It’s similar to a job aid in that the learner seeks the information right before or in the midst of completing a task. This is how I used the sink trap video. I was a picture of modern learning with bucket, tools and a smartphone (at a safe distance from the impending mess).
Microlearning to reinforce skills and ideas
Microlearning shines as a way to reinforce ideas and skills. It brings learning to life with examples, case studies and real-world applications.
For example, new employees might attend a half-day training where they learn about the company’s products or services. As a new employee, the learner won’t retain all of that information, partially because it is an overwhelming amount of information and partially because the learner doesn’t yet have adequate context for it. To mitigate this “forgetting curve,” you can follow up with some regular microlearning modules for the next two or three months, to reinforce the information and help the employee put it into the proper context. These modules could include mini case studies that ask the new employee to choose the best product or service for a given situation.
Microlearning is not magic
Just because you can cram a lot of content into a neat 5-minute video doesn’t mean your learner will be able to learn and use it. People do not magically assimilate information just because it’s in visual/video format (or both video and audio), despite the myths about this. We are still working with the human learning process and all the limitations, inefficiencies and principles that come with it.
During a small block of learning time, a learner can develop a shallow understanding of one or more large concepts or go deep on one specific skill or idea, but not both. For example, Northwestern University has an interesting microlearning module about science communication that lays out the aspects of how to communicate scientific and technical ideas to different non-technical audiences. Learners can go through the module and get a high-level sense of what’s involved in this kind of communication, but learners will need more information, examples, non-examples and practice before they can do it.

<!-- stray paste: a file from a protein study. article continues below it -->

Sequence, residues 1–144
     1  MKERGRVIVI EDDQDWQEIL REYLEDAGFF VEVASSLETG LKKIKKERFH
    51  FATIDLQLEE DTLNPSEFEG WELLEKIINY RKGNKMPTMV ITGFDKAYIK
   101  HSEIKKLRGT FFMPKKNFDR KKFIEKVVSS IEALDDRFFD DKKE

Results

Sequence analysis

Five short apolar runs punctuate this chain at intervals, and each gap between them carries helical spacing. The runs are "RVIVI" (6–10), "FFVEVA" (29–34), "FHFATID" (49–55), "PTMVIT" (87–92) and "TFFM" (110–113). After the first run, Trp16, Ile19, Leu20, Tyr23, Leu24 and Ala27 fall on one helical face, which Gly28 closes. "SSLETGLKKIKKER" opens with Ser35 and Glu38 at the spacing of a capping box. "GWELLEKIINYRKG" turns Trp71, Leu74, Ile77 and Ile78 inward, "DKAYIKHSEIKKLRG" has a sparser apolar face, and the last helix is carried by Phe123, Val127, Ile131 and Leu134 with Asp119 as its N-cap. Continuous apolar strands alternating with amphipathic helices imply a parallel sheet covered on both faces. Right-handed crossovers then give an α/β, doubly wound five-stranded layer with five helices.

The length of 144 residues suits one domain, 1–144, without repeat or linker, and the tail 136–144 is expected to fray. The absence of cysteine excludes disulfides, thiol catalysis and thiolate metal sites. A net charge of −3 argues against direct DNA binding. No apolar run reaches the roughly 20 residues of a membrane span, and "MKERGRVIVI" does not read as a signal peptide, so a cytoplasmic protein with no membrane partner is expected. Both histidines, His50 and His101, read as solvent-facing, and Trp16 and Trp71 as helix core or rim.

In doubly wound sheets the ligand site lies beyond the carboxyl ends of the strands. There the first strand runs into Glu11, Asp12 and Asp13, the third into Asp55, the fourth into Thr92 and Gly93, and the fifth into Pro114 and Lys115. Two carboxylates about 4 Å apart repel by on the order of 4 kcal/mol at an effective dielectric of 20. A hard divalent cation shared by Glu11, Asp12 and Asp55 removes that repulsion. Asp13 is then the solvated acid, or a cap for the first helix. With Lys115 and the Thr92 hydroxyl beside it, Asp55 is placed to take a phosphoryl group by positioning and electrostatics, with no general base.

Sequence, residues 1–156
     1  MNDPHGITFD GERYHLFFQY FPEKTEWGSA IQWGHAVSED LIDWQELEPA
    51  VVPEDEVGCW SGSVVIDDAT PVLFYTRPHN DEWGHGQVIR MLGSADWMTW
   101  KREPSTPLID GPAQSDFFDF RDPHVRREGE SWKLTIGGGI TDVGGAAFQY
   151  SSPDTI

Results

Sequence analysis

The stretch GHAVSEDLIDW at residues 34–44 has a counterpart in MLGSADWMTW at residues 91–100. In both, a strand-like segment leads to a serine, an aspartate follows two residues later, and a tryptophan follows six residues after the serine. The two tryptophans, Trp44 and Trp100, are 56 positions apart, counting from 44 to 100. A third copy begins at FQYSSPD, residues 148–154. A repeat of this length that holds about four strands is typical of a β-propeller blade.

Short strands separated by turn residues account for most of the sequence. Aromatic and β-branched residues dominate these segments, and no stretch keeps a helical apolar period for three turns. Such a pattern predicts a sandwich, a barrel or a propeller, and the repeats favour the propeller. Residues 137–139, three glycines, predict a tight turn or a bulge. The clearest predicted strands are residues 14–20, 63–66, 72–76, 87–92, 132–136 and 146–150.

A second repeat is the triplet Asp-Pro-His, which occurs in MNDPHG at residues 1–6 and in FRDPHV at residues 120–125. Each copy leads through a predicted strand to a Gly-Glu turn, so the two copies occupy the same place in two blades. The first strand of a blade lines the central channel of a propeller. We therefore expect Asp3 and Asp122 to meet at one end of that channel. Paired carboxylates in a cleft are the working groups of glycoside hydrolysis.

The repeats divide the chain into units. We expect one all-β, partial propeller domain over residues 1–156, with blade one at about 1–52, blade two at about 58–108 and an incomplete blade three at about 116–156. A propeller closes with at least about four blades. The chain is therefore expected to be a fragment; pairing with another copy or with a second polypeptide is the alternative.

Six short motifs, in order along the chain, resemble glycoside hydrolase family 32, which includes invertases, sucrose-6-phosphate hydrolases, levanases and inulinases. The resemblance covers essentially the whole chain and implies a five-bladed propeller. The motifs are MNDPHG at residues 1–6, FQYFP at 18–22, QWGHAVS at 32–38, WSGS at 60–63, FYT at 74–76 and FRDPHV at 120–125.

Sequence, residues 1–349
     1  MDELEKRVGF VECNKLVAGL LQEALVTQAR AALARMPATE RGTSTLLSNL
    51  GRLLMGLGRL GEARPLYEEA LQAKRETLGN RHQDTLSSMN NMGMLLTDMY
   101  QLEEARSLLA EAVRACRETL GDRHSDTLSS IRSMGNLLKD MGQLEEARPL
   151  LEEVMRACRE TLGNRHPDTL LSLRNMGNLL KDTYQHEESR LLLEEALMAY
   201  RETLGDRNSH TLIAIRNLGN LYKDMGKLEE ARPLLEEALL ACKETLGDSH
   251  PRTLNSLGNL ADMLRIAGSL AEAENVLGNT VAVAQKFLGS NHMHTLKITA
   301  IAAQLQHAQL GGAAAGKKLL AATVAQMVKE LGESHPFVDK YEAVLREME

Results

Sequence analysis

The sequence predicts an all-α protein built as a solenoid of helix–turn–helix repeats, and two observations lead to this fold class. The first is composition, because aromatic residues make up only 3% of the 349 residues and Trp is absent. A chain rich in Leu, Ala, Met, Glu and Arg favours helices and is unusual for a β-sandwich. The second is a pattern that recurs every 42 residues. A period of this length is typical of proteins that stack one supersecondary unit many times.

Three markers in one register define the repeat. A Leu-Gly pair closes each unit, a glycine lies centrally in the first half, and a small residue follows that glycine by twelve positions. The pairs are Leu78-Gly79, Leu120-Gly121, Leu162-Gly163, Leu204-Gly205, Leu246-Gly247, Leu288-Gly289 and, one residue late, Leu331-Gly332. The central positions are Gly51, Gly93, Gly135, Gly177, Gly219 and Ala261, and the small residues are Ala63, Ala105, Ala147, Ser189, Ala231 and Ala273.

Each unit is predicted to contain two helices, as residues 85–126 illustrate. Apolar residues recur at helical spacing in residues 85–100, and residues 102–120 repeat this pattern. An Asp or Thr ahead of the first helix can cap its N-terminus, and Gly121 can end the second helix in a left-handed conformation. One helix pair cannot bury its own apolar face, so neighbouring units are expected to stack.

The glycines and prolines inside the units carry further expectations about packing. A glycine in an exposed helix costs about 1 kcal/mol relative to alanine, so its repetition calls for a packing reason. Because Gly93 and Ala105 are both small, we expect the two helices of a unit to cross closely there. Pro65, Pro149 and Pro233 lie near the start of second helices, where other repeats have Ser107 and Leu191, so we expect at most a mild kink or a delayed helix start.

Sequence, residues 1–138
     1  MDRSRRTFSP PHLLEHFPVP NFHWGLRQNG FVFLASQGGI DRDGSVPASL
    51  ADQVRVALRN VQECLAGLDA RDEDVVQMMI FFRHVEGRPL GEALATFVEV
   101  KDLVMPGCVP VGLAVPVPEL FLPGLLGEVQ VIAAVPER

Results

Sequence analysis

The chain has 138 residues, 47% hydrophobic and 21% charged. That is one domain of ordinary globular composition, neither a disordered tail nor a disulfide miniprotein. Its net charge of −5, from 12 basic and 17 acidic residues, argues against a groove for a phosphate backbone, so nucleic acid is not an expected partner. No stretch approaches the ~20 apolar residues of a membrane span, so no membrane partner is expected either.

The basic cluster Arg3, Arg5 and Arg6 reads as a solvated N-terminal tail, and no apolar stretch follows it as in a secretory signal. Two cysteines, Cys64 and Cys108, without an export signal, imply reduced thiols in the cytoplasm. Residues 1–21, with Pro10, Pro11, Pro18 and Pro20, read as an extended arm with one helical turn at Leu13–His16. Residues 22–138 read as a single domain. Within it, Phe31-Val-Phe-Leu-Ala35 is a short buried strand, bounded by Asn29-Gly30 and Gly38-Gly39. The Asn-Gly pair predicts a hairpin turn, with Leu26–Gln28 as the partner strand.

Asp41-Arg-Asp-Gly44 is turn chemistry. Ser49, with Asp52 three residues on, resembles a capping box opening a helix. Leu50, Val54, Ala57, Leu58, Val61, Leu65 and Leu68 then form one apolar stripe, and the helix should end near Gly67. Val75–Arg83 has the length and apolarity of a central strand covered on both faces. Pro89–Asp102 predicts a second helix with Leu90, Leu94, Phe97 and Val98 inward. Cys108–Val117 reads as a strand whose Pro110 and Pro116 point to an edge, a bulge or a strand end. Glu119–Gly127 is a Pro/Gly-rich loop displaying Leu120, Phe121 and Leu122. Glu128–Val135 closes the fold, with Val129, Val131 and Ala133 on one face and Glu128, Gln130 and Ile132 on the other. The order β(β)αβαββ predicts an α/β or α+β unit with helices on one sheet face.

Microlearning may appeal to you or your organization because it’s short, and therefore has a shorter development time. That’s true to an extent. But as Blaise Pascal said, “I have made this longer than usual because I have not had time to make it shorter.” It takes skillful and thoughtful instructional design to make the most of a short learning event. Every second counts.
Use microlearning strategically
We minimize the power of microlearning and do a disservice to our learners if we think of microlearning as “learning lite” – a quick way to learn without much effort. But if we use it strategically as just-in-time learning or learning reinforcement, microlearning can be a powerful tool in the instructional designer’s toolbox.
If you’re interested in architecting a micro-learning strategy or developing micro-learning modules for your organization, we can get you on the path to micro learning performance. Start today by getting in touch with us. If you can’t already tell, we’re passionate about it, and we’d love to share that passion with you.